How to keep your Spanish skills fresh

      Recently we asked our past students what they are doing to keep up with their Spanish.  We all know how hard we work to build it in the first place, and we also know that it can be a fragile skill unless nourished for a long time.  These are some of the best suggestions reported, and they may give you some ideas.  Of course, you can always plan another study  with Language Link, but if it’s not possible right now…. consider this compilation of ideas.  Kudos to those of you who wrote in:
     1. Take a few 4-5 week conversation classes that your local school or college may offer.  Usually these are fairly basic, but they allow you to keep up your skills.  You won’t have the type of speedy progress you made in your Language Link program, but you are reinforcing what you learned and maybe getting a few new bits of knowledge. 
      2. Look for weekend immersion programs which your local community college may do.  You can often do this as a non regular student. 
      3. Try to find and attend a local Spanish “meet-up group” that you can find on the internet or the public library. These usually meet once a month for a few hours. Three of our past students started meeting once a month to speak Spanish at dinner.  They have included others in the dinner group who want to speak Spanish and luckily for them, they found a native speaker from Madrid and his wife (a Spanish teacher) who join them and help with vocabulary and grammar. 
     4. When you meet people in public that are obviously Hispanic, always try to speak their language with them. They will be honored by your attempts to speak their native language. Speaking Spanish with native speakers requires a lot of courage, but the rewards are tremendous for you and for them.  A wonderful exchange occurs when you offer to help with English and they help with Spanish.
      5.  Enroll in an advanced Spanish class at a local university. Maybe the only prior formal coursework you have is attending a LL immersion program. Since you won’t have had the prerequisites, the professor may insist that you take the CLEP test to prove you can do the work. When some of our past students have done this, they have received up to 15 hours of college credit in Spanish!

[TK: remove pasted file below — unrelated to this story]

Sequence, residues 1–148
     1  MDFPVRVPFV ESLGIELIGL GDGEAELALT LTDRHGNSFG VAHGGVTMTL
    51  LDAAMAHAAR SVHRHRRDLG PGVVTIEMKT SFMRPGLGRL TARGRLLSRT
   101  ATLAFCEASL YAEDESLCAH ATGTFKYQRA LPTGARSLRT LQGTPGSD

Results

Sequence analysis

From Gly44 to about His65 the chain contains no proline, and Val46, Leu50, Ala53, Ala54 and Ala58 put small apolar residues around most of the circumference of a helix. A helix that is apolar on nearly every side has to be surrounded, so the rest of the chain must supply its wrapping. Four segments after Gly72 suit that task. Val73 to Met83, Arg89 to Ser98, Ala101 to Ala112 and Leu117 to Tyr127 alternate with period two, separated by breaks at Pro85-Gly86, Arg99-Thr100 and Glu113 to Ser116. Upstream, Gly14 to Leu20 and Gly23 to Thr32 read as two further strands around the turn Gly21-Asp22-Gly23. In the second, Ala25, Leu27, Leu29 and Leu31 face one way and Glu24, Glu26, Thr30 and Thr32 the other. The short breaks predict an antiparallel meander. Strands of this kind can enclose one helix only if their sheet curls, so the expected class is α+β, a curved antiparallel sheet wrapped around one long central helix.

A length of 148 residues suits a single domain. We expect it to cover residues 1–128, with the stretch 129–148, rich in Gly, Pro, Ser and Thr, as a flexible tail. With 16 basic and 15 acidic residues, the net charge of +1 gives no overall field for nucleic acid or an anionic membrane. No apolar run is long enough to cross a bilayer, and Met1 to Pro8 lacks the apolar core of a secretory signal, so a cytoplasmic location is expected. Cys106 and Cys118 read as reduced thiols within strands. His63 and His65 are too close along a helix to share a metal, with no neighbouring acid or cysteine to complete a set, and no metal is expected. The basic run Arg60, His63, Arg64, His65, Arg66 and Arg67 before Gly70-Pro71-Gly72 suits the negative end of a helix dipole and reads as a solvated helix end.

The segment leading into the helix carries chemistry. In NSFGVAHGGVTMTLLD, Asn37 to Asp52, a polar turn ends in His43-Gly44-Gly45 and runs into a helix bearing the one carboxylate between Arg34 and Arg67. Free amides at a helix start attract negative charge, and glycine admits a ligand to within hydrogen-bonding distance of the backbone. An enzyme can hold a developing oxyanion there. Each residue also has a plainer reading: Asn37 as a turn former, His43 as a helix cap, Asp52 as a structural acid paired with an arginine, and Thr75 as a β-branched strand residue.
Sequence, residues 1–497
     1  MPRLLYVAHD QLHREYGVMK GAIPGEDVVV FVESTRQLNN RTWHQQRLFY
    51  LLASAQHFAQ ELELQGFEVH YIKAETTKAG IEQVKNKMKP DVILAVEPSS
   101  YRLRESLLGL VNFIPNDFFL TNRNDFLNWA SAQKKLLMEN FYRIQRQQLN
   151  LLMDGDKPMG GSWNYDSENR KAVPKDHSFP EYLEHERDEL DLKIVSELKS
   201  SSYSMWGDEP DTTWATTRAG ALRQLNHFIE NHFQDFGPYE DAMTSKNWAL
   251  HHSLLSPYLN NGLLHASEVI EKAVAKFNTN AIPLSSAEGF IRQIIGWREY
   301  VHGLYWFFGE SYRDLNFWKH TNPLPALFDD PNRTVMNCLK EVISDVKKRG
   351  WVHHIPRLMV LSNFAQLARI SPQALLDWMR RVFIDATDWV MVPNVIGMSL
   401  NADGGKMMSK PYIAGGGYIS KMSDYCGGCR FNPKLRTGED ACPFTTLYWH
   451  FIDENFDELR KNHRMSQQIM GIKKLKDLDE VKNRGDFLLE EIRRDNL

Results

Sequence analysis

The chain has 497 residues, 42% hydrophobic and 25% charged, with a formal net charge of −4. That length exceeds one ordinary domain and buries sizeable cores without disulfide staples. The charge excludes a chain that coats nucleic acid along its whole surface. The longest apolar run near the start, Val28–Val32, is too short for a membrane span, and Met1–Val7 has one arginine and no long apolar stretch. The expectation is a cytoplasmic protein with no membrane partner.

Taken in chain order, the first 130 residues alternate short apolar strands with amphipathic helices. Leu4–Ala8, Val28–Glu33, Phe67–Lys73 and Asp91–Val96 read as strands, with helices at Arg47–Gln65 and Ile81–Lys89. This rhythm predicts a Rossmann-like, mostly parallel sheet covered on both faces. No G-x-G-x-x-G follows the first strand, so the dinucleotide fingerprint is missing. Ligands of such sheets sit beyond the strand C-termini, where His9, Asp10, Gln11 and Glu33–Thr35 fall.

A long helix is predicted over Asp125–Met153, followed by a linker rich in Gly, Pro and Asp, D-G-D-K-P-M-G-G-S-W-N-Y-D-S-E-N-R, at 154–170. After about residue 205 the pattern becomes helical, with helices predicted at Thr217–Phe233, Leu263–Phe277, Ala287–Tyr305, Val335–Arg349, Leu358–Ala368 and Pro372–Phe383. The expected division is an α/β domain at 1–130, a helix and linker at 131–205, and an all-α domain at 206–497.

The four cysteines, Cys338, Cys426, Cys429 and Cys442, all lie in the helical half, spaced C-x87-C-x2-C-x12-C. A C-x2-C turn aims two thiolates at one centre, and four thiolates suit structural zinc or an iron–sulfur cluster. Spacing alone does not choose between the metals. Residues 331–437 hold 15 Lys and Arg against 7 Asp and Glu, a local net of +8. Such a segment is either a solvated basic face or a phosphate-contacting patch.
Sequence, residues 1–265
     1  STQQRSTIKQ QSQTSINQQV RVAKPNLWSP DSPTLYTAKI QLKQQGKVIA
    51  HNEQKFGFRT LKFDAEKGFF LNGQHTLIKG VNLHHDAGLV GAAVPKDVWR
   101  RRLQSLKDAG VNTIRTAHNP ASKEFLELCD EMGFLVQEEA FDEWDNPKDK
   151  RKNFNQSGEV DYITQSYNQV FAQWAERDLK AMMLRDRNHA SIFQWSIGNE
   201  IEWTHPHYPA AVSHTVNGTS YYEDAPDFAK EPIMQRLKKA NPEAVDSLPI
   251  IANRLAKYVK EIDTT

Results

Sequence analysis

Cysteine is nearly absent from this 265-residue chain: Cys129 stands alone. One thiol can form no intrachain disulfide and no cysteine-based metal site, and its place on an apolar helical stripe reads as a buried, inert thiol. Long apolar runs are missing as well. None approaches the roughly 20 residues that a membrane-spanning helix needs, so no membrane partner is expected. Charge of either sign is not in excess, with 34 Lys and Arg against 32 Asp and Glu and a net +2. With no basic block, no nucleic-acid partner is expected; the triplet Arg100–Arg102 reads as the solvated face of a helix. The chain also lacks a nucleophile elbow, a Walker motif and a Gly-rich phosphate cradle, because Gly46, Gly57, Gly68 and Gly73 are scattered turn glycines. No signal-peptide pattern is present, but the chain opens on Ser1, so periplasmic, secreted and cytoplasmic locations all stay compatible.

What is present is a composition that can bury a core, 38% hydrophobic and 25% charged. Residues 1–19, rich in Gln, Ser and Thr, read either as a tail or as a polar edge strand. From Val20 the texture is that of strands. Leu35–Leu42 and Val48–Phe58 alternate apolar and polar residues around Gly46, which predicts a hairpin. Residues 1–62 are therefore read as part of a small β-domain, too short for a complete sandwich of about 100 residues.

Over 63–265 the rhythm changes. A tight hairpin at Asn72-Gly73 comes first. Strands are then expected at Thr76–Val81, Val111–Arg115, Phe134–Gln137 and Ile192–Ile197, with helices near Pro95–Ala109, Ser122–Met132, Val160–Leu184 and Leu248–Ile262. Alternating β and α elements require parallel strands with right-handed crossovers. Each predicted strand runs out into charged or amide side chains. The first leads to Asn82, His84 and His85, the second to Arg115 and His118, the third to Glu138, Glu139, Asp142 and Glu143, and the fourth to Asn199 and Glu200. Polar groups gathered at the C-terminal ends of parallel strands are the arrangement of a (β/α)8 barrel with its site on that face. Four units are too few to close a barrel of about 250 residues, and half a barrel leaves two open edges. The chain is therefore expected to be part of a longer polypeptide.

6. After doing a LL program in Ecuador, a current med student at the University of Minnesota, volunteered at a local clinic where about 1/3 of the patients were Spanish speaking.  She is now doing a nine-month rotation program in a rural town in Minnesota with a large Spanish-speaking population, so gets to use her Spanish in clinic on almost a daily basis and absolutely loves it!
      Another medical professional, a clinical psychologist, keeps up her Spanish by conducting short psychiatric evaluations in one of her jobs in NYC.  She also keeps up her skills by speaking Spanish with her child’s nanny from Ecuador.  
      7.  Ask a few people, learners like you and some with excellent Spanish (even native speakers), to form a book group. Read novels in Spanish and meet once a month.
      8.  One student feels the Kindle can be the single best tool for language learning once you reach an intermediate level. With a Spanish language dictionary installed, you can read Spanish language books and periodicals. When you encounter an unknown word, it is very easy to cursor over and instantly receive the definition. Then highlight the word for future reference. Once you finish the book, it is very easy to log on to kindle.amazon.com in order to download the list of highlighted words in order to drill yourself on their meanings.
      9.  Offer to help as a basic interpreter.  We had one student whose wife is an elementary school teacher and asked her husband to school one day to interpret for a Hispanic parent.  Was he nervous?  Of course!  He says he sweated profusely during the short interpretation, but he loved it!  The Hispanic parent thought he was a saint!–p.s. so did his wife!  He floated out of her classroom. 
      One of our past students expressed it very well… Thanks, Steve Barrymore!